The new FAA reauthorization bill, which passed the House on 26 September, includes a number of calls for the FAA to address common topics of debate when it comes to passenger safety and well-being, including forcing the agency to set minimum standards for aircraft seating. One key requirement is that the FAA review the design of aircraft oxygen masks within 180 days after the day of enactment.
This provision, under Section 581 of the bill, follows the engine failure and decompression incident aboard Southwest Airlines Flight 1380 from which images were shared on social media showing some passengers donning their masks improperly.
While Section 581 is brief, its impact will be significant if the Senate approves the bill. The Senate vote could take place as early as today, or be pushed out as the Kavanaugh deliberations take center stage.
The provision could result in great expense for manufacturers of this equipment, for airlines, and for international regulators. The 180-day time limit is itself a short window to review the design and come up with alternatives.
Changing a major functional element of safety equipment is not straightforward – new masks would need to be designed, prototyped, tested, proven, and manufactured, whilst the prior design would need to be replaced. Such an overhaul may not be limited to the US fleet. Because oxygen masks are common-design equipment, the new standard might be adopted by other regulators around the globe – if not immediately, then soon.
Manufacturers, airlines and regulators would have to come up with an agreed timeframe to replace the units currently in service. That will be governed in part by supply; that is, how quickly manufacturers can build the new mask apparatus based on their manufacturing capacity, the availability of raw materials and sub-components, as well as a re-tooling of the equipment used to build the parts and assembly.
There are oxygen masks overhead of every seat on commercial aircraft, so it is impossible to change them all at once. The process requires aircraft maintenance to remove the old equipment and install new units. As a result, there will be a mix of different types of oxygen masks on different aircraft within the same airline fleet, and from airline to airline.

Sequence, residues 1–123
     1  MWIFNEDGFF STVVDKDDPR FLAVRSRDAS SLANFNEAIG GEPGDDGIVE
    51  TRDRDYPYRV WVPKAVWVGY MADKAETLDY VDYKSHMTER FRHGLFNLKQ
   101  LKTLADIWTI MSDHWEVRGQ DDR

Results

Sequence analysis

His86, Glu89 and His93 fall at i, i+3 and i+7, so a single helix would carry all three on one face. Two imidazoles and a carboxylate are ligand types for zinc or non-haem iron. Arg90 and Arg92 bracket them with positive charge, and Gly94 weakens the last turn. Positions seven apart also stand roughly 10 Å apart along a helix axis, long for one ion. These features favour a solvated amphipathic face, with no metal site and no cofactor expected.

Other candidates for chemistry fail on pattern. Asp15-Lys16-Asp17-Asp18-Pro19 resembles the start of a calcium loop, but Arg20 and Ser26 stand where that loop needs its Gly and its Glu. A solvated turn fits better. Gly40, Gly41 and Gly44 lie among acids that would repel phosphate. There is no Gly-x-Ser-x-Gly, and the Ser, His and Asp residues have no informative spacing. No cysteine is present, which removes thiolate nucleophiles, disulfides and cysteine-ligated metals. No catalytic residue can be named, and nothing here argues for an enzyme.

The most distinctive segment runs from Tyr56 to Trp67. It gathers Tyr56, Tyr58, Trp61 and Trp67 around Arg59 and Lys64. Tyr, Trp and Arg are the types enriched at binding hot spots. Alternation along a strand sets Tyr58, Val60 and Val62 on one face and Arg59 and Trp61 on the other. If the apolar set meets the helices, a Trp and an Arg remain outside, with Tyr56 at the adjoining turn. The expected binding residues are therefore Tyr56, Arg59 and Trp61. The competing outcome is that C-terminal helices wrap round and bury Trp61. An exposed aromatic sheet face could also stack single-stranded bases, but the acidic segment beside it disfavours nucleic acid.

Would that be more or less confusing to passengers? There is a precedent for mixed safety equipment. Life jackets, for example, have different methods of donning – often as a result of different national regulations or the airline cabin safety team’s specifications. The variation is limited by the FAA TSO (Technical Standard Order) but that is not universally adopted in other regions of the world. For example, the UK has its own specifications and a separate approval process for this equipment.
There are precedents for expediting a global change of critical safety parts. One that is particularly notable is the order to change and reinforce flight deck doors after the 9/11 attacks, to prevent a similar flight deck incursion.
Regulators prioritized the development, manufacturers pushed resources to build the doors quickly and airlines re-routed aircraft through maintenance facilities to install them immediately. It was an expensive and disruptive process, but one that was more than justified given the great tragedy that prompted it. Aviation could not allow that vulnerability to continue.
Whether oxygen mask replacement is treated with the same urgency will be a judgment call, based on likelihood of use. A careful study of human factors in emergencies might guide a re-design, and help determine whether the design needs to be changed. 180 days might not be enough time for that process.
Runway Girl Network reached out to the FAA for comment but had not heard back at the time of publication. Zodiac Aerospace said in a statement: “As world leader in oxygen systems, Zodiac Aerospace is closely following the topic, we are ready to cooperate and bring our expertise to the FAA.”
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